I was one of his last hires, after surviving the grading system in his last Criminal Law class. He was kind enough to mention my experience in the Greensboro Police Department (as an IOG local government intern) to John Sanders, who ultimately took a chance on me, tucked me under Dexter Watts’ and Ben Loeb’s wings, and let me teach in the SHP Basic, Wildlife Basic, and other law enforcement education programs to earn my way through UNC Law School, graduating in 1970.
That was so long ago that Bob Farb was probably in about the third grade!
There were no computers of course, and copy machines were more likely of the mimeograph style than not. The basement wing of the IOG reaching out towards the brand-new law school consisted of dorm rooms with connecting bathrooms, where more than one set of night-managers were caught frolicking with female students in the Drivers License Examiners Schools, to Marjorie Bounds great distress, usually resolved by Mr. Sanders’ unique ability to buffer any brand of indigestion, no matter the source.
I shared one of those offices, Number 010, looking out onto the parking lot from the ground level, with a fellow named Don Stephens, in number 011, who has done ok for himself as a Wake County Superior Court Judge. (Hi Don, your Grace.)
They moved Dexter down onto our hall from somewhere up on the second level near Don Hayman. Took an hour to move him and his desk; took two weeks to sort out and move the stacks and stacks of all kinds of papers Dexter was famous for.
We went on the road, as I recall, in the Spring of 1972, to explain to law enforcement and judicial officials, (in those days prosecutors and judges thought they were on the same side, so we did not have separate sessions for them, and of course none at all for criminal defense bar), (wink!), to explain the brand new Controlled Substances Act. We held six sessions around the State, where the hardest questions were about why pot was in a separate schedule. Most of those folks thought pot was for hippies, or blacks, and that they (not it) did not deserve special misdemeanor status, but ought always to be treated as felons. Remember, Texas was still giving folks twenty years for less than an ounce! Later they decided to divide things up into separate conferences for DA’s and Superior Court Judges, and I was privileged to work for both, and even to suggest expanded services to indigent services lawyers and later, when they came along , to the new “Public Defenders.” Wonderfully, your blog incorporates them all today, as they should be, each an integral part of the Justice system.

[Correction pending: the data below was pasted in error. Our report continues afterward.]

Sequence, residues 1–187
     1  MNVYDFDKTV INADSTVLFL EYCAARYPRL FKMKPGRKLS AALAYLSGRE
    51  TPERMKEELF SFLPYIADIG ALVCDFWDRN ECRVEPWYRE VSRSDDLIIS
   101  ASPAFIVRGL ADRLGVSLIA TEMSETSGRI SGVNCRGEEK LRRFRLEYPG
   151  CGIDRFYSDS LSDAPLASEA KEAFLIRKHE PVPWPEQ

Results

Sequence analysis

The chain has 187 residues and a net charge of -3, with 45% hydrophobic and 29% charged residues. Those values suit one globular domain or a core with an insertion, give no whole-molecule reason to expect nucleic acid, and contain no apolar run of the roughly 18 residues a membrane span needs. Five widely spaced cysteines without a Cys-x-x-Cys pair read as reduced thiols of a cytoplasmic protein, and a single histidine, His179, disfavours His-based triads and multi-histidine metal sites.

But oh, the older I get, the more I seem to digress.
What I wanted to say is that it is awfully hard for you present day faculty men and women to appreciate how really wonderful this site is, without being reminded by some of us really old codgers about where we came from. It is almost like comparing Old Albert’s Franklin Street “hole in the ground” with today’s modern SOG facility.
Anyway, keep up the wonderful work, and circulate this message if you will, to other SOG Bloggers there, as testament that your modern efforts continue the wonderful tradition of benefits begun in Mr. Coates’ imagination at Harvard, and continued by your predecessors, who remain proud of the way you all are serving that tradition.
Finally, rather than take a poll on pleaded or pled, pick up the phone and call Margaret Taylor, whose word was and will always be, for me, final on such matters. (She is a resident at Carol Woods.)
With my kindest regards to you all,
EPTING & HACKNEY
Chapel Hill, NC